Fed Continues With Taper Despite EM Woes and Other Top Forex News.
The Federal Reserve opted to continue cutting back the amount of bonds it purchases as part of its monetary stimulus program on Wednesday, by cutting bond purchases to $65 billion a month in February, down from $75 billion in January.
The move was inline with market expectations although there were some murmurings that recent turmoil in emerging markets might cause the Fed to postpone tapering for this month.
In a statement, the Fed said that economic activity is picking up, the labor market is making some improvement, but that recent congressional inability to agree on spending packages is still dragging on recovery albeit less nowadays due to recent compromises.
Most of todays action centred on the FOMC statement, with the dollar dropping to a low of 101.93 against the yen before recovering after the Fed’s announcement. USD/JPY ended the U.S. session down 0.69% at 102.22.
In Europe the dollar traded steady against the dollar for most of the session but fell back as investors reacted to the taper announcement.
EUR/USD ended the session down 0.14% at 1.3652, up from a low of 1.3603 and down from a high of 1.3685.
And the pound fell against the dollar after the release of the Fed statement as investors remain cautious about the ongoing turmoil in emerging markets. GBP/USD ended the session down 0.10% at 1.6563.
Elsewhere, the Australian dollar fell after recovering some of this weeks losses during the Asian session. The Fed’s tapering announcement along with continued fears of economic instability in emerging market economies caused the Aussie sell-off. AUD/USD fell 0.19% to 0.8761, down from a high of 0.88271.
And the New Zealand dollar continues to be supported, climbing to a high of 0.8273 early in the session, but fell back on the taper announcement, finally closing up just 0.04% at 0.8261.
Finally, the Canadian dollar drifted lower after the Fed’s announcement indicated that the U.S. central bank has confidence in the U.S. economic recovery which piled further pressure on the loonie. USD/CAD fell by 0.03% to 1.1150 at the close of the session.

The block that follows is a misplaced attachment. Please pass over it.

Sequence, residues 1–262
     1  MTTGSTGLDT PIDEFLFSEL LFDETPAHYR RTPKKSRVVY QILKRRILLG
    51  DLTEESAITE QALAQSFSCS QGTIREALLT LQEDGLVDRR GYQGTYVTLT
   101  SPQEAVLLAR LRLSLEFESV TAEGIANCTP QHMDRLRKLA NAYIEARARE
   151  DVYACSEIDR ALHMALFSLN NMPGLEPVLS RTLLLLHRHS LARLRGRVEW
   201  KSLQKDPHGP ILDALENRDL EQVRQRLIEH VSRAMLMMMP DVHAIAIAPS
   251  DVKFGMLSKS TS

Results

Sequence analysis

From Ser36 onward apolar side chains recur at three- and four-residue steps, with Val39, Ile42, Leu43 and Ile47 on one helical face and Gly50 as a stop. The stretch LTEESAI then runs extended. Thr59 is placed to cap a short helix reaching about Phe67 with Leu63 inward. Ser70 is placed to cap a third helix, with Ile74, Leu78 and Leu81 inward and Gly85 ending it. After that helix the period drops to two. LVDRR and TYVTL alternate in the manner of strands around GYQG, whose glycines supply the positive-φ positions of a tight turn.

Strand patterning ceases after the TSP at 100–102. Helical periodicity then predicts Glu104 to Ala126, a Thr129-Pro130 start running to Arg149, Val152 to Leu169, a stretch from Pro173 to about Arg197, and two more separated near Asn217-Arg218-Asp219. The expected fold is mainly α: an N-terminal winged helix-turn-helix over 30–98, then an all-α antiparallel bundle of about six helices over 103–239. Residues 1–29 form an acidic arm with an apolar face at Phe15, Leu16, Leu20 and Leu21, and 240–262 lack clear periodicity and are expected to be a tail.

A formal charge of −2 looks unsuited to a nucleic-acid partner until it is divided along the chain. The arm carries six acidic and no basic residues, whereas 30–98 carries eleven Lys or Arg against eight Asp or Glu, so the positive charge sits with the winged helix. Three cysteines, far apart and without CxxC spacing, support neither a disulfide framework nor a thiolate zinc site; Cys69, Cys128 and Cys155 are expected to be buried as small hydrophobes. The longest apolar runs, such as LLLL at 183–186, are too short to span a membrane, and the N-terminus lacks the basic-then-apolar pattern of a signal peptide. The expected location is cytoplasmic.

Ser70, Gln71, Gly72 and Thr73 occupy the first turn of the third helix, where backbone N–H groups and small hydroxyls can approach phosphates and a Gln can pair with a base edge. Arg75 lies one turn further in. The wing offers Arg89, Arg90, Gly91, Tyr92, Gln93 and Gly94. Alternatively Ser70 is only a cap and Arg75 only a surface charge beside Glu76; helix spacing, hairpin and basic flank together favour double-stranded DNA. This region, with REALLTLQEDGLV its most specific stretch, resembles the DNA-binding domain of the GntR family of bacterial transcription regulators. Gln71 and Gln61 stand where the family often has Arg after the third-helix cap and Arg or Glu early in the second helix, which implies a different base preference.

More coverage of today’s session.
- BusinessInsider: It’s still all about the Fed. – We’ve just seen three unexpected rate hikes from emerging market central banks. First was India, then Turkey and finally, South Africa. While these rate hikes have moved markets, Bob Savage writes in his latest Track Research note that “the key driver today isn’t the failed reaction of the TRY to rate hikes from the central bank but more the contagion of the FOMC continuing to taper its QE.”
- MoneyBeat: Why the Fed shouldn’t overreact to emerging-market turmoil. – The Federal Reserve shouldn’t let the latest spat of emerging-market turmoil ruin its taper plans. That view comes courtesy of Millan Mulraine, deputy head of U.S. research and strategy at TD Securities, who says the Fed shouldn’t backtrack on its plans to keep dialing back its bond-buying program even amid the Turkish lira’s wild wave of volatility, South Africa’s plunging rand and the repercussions felt in the U.S.
More Top Stories:
FT: Rate rises fail to staunch EM currency sell-off. – The sell-off in emerging market currencies intensified on Wednesday even after several central banks hiked interest rates, with investors saying policy makers would need to take tougher action to restore confidence.
FT: New York finance regulator voices backing for Bitcoin. – Benjamin Lawsky, the superintendent of financial services in New York whose tough stance on money laundering wrung a $340m settlement from Standard Chartered, has said Bitcoin has reached a “tipping point” where its potential benefits outweigh the risks of illegal activity.
Globe and Mail: How the Canadian dollar is nearing ‘fair value’. – The Canadian dollar is nearing “fair value,” based on various measures. The loonie, as the country’s dollar coin is known, slipped today to a low just shy of 89.5 cents (U.S.), and late in the day was at about 89.7 cents.
The Australian: Australian dollar firms as instability fears ease. – The Australian dollar was higher today as fears of economic instability in emerging market economies eased, at least temporarily.
New Zealand Herald: High-flying NZ dollar causes jitters. – The New Zealand dollar continues to trade at around eight-year highs against the Australian dollar but foreign exchange strategists doubt the currency will hit parity with its transtasman counterpart any time soon.